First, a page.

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The launch drivers for the 6990 will be a preview version of Catalyst 11.4, which have been made available today and the final version launching sometime in April. Compared to the earlier drivers we’ve been using performance in most of our games is up by at least a few percent, particularly in CrossFire. For launching a dual-GPU card like the 6990, the timing couldn’t be better.

Along with these performance improvements AMD is also throwing a few new features in to the Catalyst Control Center, making it the first time they’ve touched it since the introduction of the new design in January. Chief among these features – and also timed to launch with the 6990 today - is 5x1 portrait Eyefinity mode. Previously AMD has supported 3x1 and 3x2, but never anything wider than 3 monitors (even on the Eyefinity 6 series).

The 6990 is of course perfectly suited for the task as it's able to drive 4 + 1 monitors without any miniDP MST hubs, and indeed the rendering capabilities of this card are wasted a good deal of the time only driving one monitor. Other cards will also support 5x1P, but only E6 cards can work without a MST hub at the moment. Notably, in spite of requiring one fewer monitor than 3x2 Eyefinity this is easily the most expensive option for Eyefinty yet, as portrait modes require monitors with wide vertical viewing angles to avoid color washout – you’d be hard pressed to build a suitable setup with cheap TN monitors like you can the landscape modes.

The other big change for power users is that AMD is adding a software update feature to the Catalyst Control Center, which will allow users to check for driver updates from within the CCC. It will also have an automatic update feature, which will check for driver updates every 2 weeks. At this point there seems to be some confusion over at AMD over whether this will be enabled by default or not – our drivers have it enabled by default, while we were initially told it would be disabled. From AMD’s perspective having the auto update feature enabled improves the user experience by helping to get users on newer drivers that resolve bugs in similarly new games, but at the same time I could easily see this backfiring with users by being one more piece of software nagging for an update every month.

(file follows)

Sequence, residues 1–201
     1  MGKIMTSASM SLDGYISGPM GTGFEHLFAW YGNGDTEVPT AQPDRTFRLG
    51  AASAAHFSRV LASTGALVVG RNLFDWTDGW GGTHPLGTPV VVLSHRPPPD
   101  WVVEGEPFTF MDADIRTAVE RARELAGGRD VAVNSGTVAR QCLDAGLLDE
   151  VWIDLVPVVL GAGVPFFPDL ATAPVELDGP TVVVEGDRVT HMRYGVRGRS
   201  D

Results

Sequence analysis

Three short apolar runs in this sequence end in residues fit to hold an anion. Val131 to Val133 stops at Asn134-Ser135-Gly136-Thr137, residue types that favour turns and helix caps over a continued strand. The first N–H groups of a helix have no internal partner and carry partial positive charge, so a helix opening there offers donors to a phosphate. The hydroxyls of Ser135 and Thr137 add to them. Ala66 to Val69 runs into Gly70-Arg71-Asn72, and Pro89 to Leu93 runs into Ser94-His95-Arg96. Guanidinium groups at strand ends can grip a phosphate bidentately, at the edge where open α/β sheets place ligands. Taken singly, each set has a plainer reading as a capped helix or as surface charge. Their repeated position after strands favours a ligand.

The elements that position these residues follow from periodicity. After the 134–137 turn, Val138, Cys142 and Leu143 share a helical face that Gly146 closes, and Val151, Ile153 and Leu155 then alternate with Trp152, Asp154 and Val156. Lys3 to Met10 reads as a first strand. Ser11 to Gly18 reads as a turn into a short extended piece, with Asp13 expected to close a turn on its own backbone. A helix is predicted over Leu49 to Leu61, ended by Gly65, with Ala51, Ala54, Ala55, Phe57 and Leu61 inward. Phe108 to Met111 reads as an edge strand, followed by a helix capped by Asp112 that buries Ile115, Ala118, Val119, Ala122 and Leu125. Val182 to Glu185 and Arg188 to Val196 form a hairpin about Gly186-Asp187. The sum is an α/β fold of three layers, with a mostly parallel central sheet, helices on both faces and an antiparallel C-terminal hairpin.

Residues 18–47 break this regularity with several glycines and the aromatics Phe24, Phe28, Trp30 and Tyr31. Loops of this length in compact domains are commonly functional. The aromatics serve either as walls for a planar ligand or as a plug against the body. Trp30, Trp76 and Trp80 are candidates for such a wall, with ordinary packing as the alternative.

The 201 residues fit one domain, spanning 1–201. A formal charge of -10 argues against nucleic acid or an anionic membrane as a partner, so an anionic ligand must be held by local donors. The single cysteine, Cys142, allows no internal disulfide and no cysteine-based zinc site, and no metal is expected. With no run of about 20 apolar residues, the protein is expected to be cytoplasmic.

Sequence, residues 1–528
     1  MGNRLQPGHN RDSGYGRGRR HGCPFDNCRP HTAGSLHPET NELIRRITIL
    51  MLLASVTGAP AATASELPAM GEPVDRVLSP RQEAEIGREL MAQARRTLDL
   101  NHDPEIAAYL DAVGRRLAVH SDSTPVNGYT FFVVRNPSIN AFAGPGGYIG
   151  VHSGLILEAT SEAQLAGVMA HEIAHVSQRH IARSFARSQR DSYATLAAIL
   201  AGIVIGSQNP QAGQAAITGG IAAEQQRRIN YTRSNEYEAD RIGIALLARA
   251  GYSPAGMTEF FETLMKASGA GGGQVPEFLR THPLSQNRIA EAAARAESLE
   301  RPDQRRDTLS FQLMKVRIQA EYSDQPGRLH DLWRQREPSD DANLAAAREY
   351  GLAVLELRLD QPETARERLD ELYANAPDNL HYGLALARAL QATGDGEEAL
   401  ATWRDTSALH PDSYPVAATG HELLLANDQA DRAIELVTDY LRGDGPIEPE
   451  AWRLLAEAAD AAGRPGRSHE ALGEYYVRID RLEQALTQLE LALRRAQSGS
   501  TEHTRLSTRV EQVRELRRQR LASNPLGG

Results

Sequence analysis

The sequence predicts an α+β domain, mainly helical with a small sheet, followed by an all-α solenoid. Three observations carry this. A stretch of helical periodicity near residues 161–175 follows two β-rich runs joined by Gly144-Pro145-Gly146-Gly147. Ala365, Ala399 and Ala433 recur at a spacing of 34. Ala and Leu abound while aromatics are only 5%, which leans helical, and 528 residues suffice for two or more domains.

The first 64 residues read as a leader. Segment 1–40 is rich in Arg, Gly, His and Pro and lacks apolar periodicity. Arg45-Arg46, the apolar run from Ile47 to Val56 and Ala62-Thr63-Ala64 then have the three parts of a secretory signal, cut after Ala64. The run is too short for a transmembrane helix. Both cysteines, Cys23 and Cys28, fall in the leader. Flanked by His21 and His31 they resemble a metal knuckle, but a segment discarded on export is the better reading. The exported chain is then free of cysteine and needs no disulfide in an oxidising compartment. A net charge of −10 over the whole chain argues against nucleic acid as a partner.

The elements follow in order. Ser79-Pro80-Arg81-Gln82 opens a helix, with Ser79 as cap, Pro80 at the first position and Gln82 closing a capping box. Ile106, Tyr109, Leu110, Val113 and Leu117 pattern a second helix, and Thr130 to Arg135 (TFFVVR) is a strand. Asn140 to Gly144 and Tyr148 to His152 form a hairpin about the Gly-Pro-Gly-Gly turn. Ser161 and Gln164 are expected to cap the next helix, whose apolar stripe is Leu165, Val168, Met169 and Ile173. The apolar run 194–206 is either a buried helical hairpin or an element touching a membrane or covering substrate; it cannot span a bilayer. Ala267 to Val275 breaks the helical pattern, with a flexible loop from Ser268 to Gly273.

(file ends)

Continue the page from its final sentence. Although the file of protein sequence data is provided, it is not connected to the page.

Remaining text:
Finally, AMD is undergoing a rebranding (again), this time for the Catalyst Control Center. If you use an AMD CPU + AMD consumer GPU, the Catalyst Control Center is now the AMD VISION Engine Control Center. If you use an Intel CPU + AMD consumer GPU it’s still the Catalyst Control Center. If you use a professional GPU (regardless of CPU), it’s the Catalyst Pro Control Center.

The Test

Due to the timing of this launch we haven’t had an opportunity to do in-depth testing of Eyefinity configurations. We will be updating this article with Eyefinity performance data in the next day. In the meantime we have our usual collection of single monitor tests.

CPU: Intel Core i7-920 @ 3.33GHz
Motherboard: Asus Rampage II Extreme
Chipset Drivers: Intel 9.1.1.1015 (Intel)
Hard Disk: OCZ Summit (120GB)
Memory: Patriot Viper DDR3-1333 3 x 2GB (7-7-7-20)
Video Cards: AMD Radeon HD 6990
AMD Radeon HD 6970
AMD Radeon HD 6950 2GB
AMD Radeon HD 6870
AMD Radeon HD 6850
AMD Radeon HD 5970
AMD Radeon HD 5870
AMD Radeon HD 5850
AMD Radeon HD 5770
AMD Radeon HD 4870X2
AMD Radeon HD 4870
NVIDIA GeForce GTX 580
NVIDIA GeForce GTX 570
NVIDIA GeForce GTX 560 Ti